What prevents Gardam’s stories from evoking deep melancholia is her compassionate, gentle humour. As often happens in some of the best short stories, there is always a twist at the end, an epiphany or situational irony that turns the story around. Some of these twists are intensely satisfying: the really snobby and selfish tend to get their comeuppance as in “The Tribute,” (101-117) and “The Easter Lilies” (159-173); young lovers are reunited in “Lunch with Ruth Sykes” (41-56). For the most part, the stories suggest that good can ultimately come even from disappointment, and even when a story ends on a minor note as is the case in “An Unknown Child” (211-225) or “Rode By All With Pride,” (139-157) for instanc,” Gardam’s treatment of her characters’ despairing realisation of their own blindness is gentle and sympathetic.
Most of the reversals in her stories are not completely devastating to her characters. In “Hetty Sleeping” (22-40), for example, Hetty discovers her old lover and her tutor in art school Heneker has run off with the pub barmaid even though only the night before he had protested, “‘there was never anyone but you, Het’” (37). We are not distressed by Hetty’s loss of Heneker; we’re actually rather glad, for we understand Hetty’s situation only too well. What Hetty is actually mourning is not Heneker, but the dream of her lost past self. This is not a story about a woman trapped by societal and patriarchal expectations; it’s a story about how she has grown into the choices she has herself made. Heneker reminds Hetty that it was she who left him all those years ago, reminds her of her own tidiness, her desire for order, of the fact that even then she had already given up painting. She made the choice not to have a life with Heneker. It isn’t in her nature to live the sort of life she would have lived with him. It is in her nature to live the sort of life she has with her husband, Charles. The story ends with Charles bringing her tea. Gentle and understanding, he asks her to “‘wake up soon’” (40).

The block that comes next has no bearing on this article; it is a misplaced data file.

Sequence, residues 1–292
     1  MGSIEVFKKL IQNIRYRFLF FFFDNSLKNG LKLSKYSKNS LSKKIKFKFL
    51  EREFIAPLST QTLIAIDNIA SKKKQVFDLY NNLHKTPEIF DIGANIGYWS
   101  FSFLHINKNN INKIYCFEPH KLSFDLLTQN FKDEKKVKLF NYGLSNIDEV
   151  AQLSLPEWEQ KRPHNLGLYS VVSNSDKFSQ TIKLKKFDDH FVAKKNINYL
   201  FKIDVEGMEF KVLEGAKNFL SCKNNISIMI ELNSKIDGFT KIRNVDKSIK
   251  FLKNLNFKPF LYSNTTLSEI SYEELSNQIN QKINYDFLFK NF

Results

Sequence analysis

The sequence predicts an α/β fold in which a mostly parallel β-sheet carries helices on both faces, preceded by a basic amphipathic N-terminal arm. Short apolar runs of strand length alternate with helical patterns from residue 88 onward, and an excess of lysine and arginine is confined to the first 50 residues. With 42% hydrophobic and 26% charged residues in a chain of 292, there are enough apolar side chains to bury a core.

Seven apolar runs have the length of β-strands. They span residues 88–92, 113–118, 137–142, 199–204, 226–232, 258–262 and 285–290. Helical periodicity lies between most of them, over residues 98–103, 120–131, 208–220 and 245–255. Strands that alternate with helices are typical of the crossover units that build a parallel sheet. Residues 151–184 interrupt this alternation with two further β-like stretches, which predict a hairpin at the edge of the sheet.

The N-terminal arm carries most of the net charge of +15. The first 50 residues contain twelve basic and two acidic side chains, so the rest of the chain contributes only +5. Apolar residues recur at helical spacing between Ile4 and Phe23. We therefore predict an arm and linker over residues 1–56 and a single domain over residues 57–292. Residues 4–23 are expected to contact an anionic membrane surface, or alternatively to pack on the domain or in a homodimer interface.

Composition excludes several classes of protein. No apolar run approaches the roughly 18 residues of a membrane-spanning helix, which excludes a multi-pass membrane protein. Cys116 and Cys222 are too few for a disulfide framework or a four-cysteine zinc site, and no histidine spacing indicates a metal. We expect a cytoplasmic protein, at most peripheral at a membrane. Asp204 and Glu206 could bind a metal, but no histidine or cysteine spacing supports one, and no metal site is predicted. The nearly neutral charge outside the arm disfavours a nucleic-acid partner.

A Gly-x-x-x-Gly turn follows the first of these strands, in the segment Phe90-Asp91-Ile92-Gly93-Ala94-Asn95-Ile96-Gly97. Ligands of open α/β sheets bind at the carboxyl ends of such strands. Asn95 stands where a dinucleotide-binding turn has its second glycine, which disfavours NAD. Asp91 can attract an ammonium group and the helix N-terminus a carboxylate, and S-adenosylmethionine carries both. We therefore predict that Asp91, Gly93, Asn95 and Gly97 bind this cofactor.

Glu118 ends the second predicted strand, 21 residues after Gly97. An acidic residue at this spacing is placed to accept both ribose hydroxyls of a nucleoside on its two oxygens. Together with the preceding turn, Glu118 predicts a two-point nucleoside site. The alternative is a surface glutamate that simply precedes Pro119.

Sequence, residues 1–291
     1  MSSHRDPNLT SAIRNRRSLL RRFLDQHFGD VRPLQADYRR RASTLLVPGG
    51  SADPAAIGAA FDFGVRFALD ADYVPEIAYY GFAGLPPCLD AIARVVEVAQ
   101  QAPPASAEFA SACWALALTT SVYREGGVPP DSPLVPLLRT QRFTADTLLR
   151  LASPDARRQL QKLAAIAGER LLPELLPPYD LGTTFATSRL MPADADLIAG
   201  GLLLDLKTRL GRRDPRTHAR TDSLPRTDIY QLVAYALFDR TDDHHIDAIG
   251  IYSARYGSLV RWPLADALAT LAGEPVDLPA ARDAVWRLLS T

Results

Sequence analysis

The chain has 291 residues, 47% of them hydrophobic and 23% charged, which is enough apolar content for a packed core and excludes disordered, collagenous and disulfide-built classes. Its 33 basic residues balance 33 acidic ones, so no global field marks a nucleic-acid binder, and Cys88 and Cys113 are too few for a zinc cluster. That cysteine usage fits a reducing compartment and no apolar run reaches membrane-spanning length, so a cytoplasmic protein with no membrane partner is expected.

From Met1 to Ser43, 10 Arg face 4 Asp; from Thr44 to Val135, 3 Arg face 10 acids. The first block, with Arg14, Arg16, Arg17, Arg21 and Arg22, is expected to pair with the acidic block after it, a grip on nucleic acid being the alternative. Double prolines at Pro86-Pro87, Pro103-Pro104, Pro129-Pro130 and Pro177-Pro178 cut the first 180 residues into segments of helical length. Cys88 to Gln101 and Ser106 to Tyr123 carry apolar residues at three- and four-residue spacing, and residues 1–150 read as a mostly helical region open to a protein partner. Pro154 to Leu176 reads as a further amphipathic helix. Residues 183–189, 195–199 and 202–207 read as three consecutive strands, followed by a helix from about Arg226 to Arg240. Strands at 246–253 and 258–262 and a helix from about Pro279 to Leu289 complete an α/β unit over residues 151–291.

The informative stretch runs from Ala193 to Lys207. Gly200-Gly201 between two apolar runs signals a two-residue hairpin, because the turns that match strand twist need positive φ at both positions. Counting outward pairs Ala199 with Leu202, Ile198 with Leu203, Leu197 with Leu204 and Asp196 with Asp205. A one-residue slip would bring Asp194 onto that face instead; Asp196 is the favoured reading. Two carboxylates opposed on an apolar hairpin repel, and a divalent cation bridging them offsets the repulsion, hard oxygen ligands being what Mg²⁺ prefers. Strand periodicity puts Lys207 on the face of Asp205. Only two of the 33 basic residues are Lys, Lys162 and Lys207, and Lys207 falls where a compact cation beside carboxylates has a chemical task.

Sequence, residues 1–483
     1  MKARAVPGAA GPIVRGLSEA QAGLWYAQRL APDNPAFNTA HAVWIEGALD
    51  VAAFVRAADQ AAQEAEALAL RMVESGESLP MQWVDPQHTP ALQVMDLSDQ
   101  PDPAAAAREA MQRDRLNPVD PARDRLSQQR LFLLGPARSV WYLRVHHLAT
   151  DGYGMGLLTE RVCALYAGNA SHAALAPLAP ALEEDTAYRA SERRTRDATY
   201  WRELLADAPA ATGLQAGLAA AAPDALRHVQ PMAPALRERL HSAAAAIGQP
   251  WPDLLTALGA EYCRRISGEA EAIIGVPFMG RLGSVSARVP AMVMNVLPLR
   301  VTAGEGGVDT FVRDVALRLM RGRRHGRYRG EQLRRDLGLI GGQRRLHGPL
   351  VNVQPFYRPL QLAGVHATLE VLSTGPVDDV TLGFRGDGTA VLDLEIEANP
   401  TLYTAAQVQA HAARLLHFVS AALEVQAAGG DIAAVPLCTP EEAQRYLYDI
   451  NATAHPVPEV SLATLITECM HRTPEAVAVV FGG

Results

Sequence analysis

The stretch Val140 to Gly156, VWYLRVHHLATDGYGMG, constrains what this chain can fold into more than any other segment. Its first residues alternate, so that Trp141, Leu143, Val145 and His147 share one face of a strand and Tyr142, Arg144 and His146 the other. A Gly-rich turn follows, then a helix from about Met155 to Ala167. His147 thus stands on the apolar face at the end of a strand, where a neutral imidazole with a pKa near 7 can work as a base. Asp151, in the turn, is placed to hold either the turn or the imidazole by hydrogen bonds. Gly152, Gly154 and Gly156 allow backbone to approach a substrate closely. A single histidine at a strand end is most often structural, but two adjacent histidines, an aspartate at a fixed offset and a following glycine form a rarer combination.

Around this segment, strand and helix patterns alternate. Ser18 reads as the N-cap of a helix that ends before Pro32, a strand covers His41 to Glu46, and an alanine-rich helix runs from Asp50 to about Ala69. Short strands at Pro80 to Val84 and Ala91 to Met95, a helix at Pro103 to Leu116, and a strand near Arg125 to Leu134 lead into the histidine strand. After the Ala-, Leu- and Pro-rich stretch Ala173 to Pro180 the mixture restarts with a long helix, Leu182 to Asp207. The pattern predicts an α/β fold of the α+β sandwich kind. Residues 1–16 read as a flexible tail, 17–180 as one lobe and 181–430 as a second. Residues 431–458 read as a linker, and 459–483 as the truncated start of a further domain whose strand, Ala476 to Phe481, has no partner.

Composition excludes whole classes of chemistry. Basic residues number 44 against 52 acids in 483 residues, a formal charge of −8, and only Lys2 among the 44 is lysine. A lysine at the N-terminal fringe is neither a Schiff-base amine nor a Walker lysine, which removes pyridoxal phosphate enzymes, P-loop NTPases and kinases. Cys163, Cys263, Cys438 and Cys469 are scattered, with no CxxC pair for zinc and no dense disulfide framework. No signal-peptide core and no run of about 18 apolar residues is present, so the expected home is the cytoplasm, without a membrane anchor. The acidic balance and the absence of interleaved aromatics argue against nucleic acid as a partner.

How well Gardam understands that feeling of nostalgia for what might have been and reveals how we know we don’t truly regret it. She knows how love is not always passion but often compromise, how people learn to accommodate each other. Even in her more gothic stories such as “The Boy who Turned into a Bike” (383-391), “The Green Man” (423-450), and “A Spot of Gothic” (89-100), for example, there is still that note of wistfulness. But that yearning is acknowledged with a kind of relief, with what I might call the optimism of acceptance, that sense of accepting and carrying on and making the best of things. There are some who would say that this is a very English trait, but then, as I said earlier, Gardam’s milieu is very English.
In her introduction, Gardam asserts that writing short stories teaches you when to stop (16). I wouldn’t argue with that. Her tone in that introduction is valedictory. She ends by saying, “The luck in the writer’s life always is to have been able to use the sweets of fiction to get near the truth” (17). If the luck in a reader’s life is to meet a writer whose creation is “near the truth,” then the readers of Jane Gardam are very lucky indeed.